The menopause is when a woman stops having periods and is no longer able to get pregnant naturally.

Periods usually start to become less frequent over a few months or years before they stop altogether. Sometimes they can stop suddenly.

The age at which women go through the menopause varies but it’s usually between 40 and 58. The average age for women to reach the menopause in the UK is 51 years.

However, around 1 in 100 women experience the menopause before 40 years of age. This is known as premature menopause or premature ovarian insufficiency.


Common symptoms include:

Menopausal symptoms can begin months or even years before your periods stop and last around four years after your last period, although some women experience them for much longer.

Menopausal symptoms are extremely common.

  • Vasomotor symptoms (hot flushes and night sweats) are the most commonly reported symptoms, occurring in about 75% of postmenopausal women, with 25% of these being severely affected. Symptoms may resolve in 2–5 years, but the median duration is 7 years and sometimes longer.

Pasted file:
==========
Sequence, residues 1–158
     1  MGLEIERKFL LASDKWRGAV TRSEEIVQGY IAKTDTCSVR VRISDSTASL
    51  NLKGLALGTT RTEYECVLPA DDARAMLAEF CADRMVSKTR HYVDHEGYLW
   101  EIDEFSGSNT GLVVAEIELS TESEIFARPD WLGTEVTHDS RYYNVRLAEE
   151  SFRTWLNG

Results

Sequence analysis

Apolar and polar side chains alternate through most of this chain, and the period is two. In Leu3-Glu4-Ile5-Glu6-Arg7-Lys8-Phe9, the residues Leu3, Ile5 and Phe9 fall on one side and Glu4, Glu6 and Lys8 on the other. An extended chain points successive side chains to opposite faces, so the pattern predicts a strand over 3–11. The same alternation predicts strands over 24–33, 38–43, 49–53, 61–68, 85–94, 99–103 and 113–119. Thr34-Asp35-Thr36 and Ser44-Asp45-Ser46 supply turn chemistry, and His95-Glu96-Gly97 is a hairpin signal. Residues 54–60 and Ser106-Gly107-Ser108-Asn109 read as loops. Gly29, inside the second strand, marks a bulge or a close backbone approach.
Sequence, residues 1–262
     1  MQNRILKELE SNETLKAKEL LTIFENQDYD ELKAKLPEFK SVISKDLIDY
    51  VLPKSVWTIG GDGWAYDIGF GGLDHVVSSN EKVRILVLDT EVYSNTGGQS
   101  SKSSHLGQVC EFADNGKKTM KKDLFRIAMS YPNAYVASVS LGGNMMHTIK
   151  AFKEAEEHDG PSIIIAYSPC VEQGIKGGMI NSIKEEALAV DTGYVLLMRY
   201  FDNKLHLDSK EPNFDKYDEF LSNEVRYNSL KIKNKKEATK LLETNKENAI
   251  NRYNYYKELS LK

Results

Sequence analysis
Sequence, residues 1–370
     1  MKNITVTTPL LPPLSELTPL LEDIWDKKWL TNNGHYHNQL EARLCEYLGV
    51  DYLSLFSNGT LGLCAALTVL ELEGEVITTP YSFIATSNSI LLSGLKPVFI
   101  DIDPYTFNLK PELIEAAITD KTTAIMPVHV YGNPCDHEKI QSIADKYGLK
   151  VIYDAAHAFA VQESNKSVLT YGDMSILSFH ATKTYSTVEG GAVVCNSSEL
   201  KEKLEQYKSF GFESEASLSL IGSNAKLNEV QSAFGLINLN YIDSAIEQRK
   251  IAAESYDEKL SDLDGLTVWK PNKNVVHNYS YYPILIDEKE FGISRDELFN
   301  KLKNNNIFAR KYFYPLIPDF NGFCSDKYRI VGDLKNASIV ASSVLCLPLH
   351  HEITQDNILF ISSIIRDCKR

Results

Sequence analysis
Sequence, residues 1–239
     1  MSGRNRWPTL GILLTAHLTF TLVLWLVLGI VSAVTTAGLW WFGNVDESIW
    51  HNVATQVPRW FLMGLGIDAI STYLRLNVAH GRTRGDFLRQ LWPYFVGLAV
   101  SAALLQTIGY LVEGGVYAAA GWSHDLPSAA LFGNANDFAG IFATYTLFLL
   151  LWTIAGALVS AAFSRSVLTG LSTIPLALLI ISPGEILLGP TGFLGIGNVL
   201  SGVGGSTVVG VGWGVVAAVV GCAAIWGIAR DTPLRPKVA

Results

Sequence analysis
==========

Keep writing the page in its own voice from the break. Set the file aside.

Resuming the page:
• Other symptoms include mood changes, musculoskeletal symptoms, urogenital symptoms, sleep disturbance, and sexual disorders.


Not all women need treatment for this. It really depends on the symptoms that they are suffering, their severity, past medical history – including risks of clots, heart attacks and strokes and also cancer or risk of cancer history.

There are risks associated with hrt as illustrated in the tables below.  HRT is used at a low a dose as possible for as little time as possible to minimise risk.

There are non-hormonal treatments.

Risks Of Hormone HRT

The tables below illustrate some of the risks. However click on this page






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